San Diego, CA—Lovers of spicy jalapenos, habaneros and other chili peppers are in luck because a recent study found that they are heart-healthy foods. This report was part of the 243rd National Meeting and Exposition of the American Chemical Society.
New Brunswick, NJ—A team from Rutgers University believes two forms of vitamin E could be a huge help in the fight against colon, lung, breast and prostate cancers. The group zeroed in on the gamma and delta-tocopherols forms of vitamin E, derived from soybean, canola and corn oils. “There are studies suggesting that vitamin E actually increases the risk of cancer and decreases bone density,” says Chung S. Yang, director of the Center for Cancer Prevention Research at Rutgers Ernest Mario School of Pharmacy.
What’s Selling is our monthly review of what our retailers nationwide say is selling well in their stores. This month, we’ve compiled data from April to June to see what was popular in the second quarter of 2012.
On April 24, the U.S. Food and Drug Administration (FDA) issued warning letters to 10 manufacturers and distributors of dietary supplements containing dimethylamylamine (DMAA). DMAA is commonly found in sports and weight-loss supplements.
Laguna Beach, CA—Richard A. Passwater, Ph.D., scientific editor/author of WholeFoods’ Vitamin Connection column and well-known nutrition researcher, and fish oil authority Jorn Dyerberg, M.D., DMSc., have co-authored a new book about omega-3s that is due out this summer.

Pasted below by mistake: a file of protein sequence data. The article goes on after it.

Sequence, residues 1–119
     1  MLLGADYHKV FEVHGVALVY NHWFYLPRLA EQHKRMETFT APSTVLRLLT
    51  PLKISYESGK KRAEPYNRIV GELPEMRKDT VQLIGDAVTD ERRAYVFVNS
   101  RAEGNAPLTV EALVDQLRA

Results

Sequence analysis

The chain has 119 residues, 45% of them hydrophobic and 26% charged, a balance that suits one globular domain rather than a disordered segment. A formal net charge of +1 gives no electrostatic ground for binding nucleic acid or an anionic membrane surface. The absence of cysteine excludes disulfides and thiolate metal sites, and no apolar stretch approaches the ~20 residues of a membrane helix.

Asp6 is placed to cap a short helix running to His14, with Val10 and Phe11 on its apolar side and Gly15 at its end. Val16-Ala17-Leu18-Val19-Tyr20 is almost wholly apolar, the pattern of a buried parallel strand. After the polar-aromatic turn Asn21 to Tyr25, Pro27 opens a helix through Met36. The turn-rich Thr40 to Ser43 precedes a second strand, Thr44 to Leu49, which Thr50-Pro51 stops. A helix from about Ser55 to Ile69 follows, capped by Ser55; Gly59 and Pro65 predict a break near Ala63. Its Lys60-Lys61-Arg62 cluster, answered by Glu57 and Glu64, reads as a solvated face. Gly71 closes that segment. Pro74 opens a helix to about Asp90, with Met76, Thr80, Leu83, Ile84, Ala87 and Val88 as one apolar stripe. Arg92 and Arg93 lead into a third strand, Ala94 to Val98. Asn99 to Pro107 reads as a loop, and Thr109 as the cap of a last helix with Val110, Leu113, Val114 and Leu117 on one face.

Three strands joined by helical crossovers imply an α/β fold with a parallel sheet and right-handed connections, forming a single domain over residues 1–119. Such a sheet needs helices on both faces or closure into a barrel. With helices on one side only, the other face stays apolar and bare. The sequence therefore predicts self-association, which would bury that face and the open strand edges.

Washington, D.C.—A recent study commissioned by the Council for Responsible Nutrition (CRN) found that dietary supplement use for adults ages 18 and over is on the rise. Compared to 66% of adults in the U.S. in 2010, supplement usage is now at 69%.
The 2012 Natural Products Expo West tradeshow was the largest in its 30-year history. Some 60,000 industry members attended the event, which ran March 8–11 at the Anaheim Convention Center. Show organizers said attendance of retail buyers grew 13% this year, which made for a good show, say many exhibitors.
Bethesda, MD—National Institutes of Health researchers have identified how resveratrol may confer its health benefits. Resveratrol is a naturally occurring chemical found in plants like grapes. The researchers found that resveratrol does not directly activate sirtuin 1, a protein associated with aging. Instead, it inhibits phosphodiesterases (PDEs), proteins that help regulate cell energy. The chemical has gained some interest from pharmaceutical companies for its potential to fight diabetes, inflammation and cancer.
The A.C. Grace Company, located in Big Sandy, TX, is celebrating its 50th anniversary this year. A.C. Grace got its start under unfortunate circumstances; founder Roy Erickson suffered three heart attacks in 1962, and was told by doctors after the third just to go home and wait for the next one. As a young man in his 50s, Erickson thought this advice was unacceptable, so, let down by his doctors, he set out to discover a heart healthy aid on his own.